Motilal Oswal Asset Management Company Ltd. (MOAMC) is a public limited company incorporated under the Companies Act, 1956 on November 14, 2008, having its Registered Office at 10th Floor, Motilal Oswal Tower, Rahimtullah Sayani Road, Opposite Parel ST Depot, Prabhadevi, Mumbai - 400025.
Motilal Oswal Asset Management Company Ltd. has been appointed as the Investment Manager to Motilal Oswal Mutual Fund by the Trustee vide Investment Management Agreement (IMA) dated May 21, 2009, executed between Motilal Oswal Trustee Company Ltd. and Motilal Oswal Asset Management Company Ltd.
 
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SEBI’s attempt to stabilise scheme labelling

Blogs Blog Details

Mr. Aashish Somaiyaa

Managing Director and CEO

Dear Investors and my dear Advisor friends,

The mutual fund industry is bracing for the latest move from the regulator to bring method in the madness amidst hyper-growth. It has recently come up with a circular which will classify mutual funds into standardized categories. So equity mutual funds could be large cap, mid cap, multicap, small cap, value, combination of large and midcap so on and so forth. Debt funds could be categorised as liquid, ultra short term, short term, credit etc. Further at a more fundamental level one expects the regulator to also define large cap, mid cap or short term, long term in case of debt. This should help investors and intermediaries know what exactly they are buying into and also enable appropriate benchmarking in homogeneous peer groups. Great move…but this is not it…what is most likely to have an impact is the expectation that the regulator would permit only one fund per category per fund house. It is well known that there are fund houses with a long history synchronous with industry evolution itself and classification once announced, could lead following scenarios:

1. more than one fund in a category
2. funds which don’t exactly fit into any category may need to change investment universe to fit in
3. aligning to the new definition of large, mid or small cap or short or medium term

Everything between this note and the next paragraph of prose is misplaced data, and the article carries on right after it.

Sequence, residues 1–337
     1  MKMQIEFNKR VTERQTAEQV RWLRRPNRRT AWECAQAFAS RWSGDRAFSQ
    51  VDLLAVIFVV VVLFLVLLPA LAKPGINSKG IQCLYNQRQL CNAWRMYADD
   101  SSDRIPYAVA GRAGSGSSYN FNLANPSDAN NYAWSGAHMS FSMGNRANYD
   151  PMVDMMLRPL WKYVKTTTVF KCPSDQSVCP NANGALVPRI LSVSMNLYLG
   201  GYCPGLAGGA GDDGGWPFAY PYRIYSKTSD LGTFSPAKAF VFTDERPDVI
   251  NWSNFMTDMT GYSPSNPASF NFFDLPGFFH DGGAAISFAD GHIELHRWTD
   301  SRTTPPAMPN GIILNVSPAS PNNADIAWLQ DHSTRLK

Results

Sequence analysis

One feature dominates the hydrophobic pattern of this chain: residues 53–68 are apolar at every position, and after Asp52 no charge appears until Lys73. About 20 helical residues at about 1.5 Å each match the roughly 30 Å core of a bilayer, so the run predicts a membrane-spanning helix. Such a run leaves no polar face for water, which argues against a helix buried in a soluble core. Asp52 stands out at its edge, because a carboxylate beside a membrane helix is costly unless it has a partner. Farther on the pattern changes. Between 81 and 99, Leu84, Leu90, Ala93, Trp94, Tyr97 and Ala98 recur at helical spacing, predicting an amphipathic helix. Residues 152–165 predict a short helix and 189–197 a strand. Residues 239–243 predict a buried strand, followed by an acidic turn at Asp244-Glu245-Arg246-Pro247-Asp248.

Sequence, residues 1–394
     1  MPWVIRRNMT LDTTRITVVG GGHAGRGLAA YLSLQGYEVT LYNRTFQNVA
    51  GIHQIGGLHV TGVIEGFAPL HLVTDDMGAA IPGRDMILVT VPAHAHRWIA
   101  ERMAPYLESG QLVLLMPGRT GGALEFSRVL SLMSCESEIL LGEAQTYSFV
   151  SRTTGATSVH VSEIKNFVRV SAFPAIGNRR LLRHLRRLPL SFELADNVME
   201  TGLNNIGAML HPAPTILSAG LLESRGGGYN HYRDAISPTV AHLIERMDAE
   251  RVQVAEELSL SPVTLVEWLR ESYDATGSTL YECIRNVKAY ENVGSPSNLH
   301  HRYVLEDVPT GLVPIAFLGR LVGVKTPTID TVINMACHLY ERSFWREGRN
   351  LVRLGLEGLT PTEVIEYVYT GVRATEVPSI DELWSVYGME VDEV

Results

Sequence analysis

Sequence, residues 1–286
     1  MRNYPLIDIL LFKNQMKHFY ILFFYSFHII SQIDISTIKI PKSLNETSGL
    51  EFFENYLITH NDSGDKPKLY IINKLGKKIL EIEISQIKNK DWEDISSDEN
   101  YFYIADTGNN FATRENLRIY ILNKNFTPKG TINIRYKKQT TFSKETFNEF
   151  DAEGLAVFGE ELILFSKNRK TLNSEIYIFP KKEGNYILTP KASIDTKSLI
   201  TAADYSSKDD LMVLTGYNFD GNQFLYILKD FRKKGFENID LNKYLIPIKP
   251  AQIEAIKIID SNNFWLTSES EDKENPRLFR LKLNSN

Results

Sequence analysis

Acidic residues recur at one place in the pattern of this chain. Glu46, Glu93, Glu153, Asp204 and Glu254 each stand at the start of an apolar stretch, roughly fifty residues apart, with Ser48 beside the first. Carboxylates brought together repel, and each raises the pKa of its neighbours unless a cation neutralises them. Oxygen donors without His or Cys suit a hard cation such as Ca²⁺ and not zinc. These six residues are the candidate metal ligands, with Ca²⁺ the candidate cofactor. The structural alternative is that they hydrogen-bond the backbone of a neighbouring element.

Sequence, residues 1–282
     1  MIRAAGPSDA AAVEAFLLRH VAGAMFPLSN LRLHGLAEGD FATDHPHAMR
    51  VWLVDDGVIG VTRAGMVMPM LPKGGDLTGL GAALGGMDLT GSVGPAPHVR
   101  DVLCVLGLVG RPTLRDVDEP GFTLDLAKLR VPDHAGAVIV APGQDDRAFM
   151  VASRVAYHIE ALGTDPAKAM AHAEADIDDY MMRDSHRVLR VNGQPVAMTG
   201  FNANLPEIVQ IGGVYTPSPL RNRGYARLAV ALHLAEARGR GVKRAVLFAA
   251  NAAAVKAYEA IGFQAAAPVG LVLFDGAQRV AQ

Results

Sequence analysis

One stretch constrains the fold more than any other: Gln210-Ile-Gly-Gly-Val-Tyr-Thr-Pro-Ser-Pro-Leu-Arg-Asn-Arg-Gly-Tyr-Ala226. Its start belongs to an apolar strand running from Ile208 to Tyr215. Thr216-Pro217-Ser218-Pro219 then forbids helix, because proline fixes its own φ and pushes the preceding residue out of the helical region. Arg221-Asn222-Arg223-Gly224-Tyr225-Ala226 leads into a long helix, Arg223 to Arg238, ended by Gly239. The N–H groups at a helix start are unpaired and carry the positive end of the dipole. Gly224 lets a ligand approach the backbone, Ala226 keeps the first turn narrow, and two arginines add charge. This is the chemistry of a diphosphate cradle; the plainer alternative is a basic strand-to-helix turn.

In cases where there are multiple schemes in the same category; it might result in merger of similar schemes or suspension of subscriptions into one scheme and continuance of another. All of these changes will be accentuated in case of debt because there is more product proliferation there. While for debt the story will likely be that of “consolidation” for equity funds it will be about “categorisation and rationalization”.  

It is not appreciated enough that “excessive choice leads to sub-optimal decisions”. I have been an investor in funds since 1999 and it is beyond comprehension why the AMC sends communication about all their new product launches but never about reinforcing my decision to invest in the fund that I own. Never thought what the barrage of new fund communication did to the stickiness of my original decision; I always felt that the fund that I had invested in is clearly not the “hot fund” to be in anymore much less an area of focus for the head honchos out there. Coming to discussing choices, my favourite read on this topic is “Paradox of Choice” by Barry Schwartz. If you aren’t much of a reader, you could view his ideas at https://www.youtube.com/watch?v=VO6XEQIsCoM. When provided excessive choice people make sub-optimal decisions, they make choices that they are likely to regret, that they are less likely to stick with and at the extremes sometimes they just refuse to make a choice lest they go wrong! It’s ironic that the regulator has to step in for the industry to appreciate human psychology and provide optimal number of differentiated choices instead of an array of poorly defined similar looking choices.

Excessive choice in mutual funds has counter-productive outcomes. The top 500 stocks by market cap account for over 94% of market cap and top 300 stocks; >88%. This means that if a fund investor has a bunch of 8-10 funds that in turn owns say 300 unique stocks for her, then the investor owns 88% of whatever there is to be owned in the market. Needless to say, if you buy the market you can’t beat the market. And this is where I think a lot of mutual fund investors are taking the expensive route to fetching couple of percentage more than the broad BSE 200 or worse still to just track it.

Product proliferation also results in significant scope for mis-selling; it increases scope of pushing irrelevant products. Just as the regulator is working towards putting the onus of product suitability on intermediaries, who determines whether the products being launched and pushed over emails, SMS, phone calls are relevant for whoever they are being pushed to by AMCs themselves? While mis-selling may not be intentional, this kind of thrust on offering something new as a bait to investors, may result in mis-buying i.e. buying irrelevant funds with misplaced expectations, over-diversifying instead of just adding to the supposedly suitable funds one may have already bought. There is also the tendency for fund houses’ sales machinery to propagate the funds that have the best immediate past performance and temporarily relegating to the background those funds that are undergoing a lean patch. This comes at the cost of explaining what goes into producing long term track record and what determines suitability.

For these reasons I welcome the regulatory intervention and I am quite sure it will result in better landscape for an industry that has come of age.

Happy Investing,

Yours sincerely,
Aashish P Somaiyaa
Managing Director and CEO

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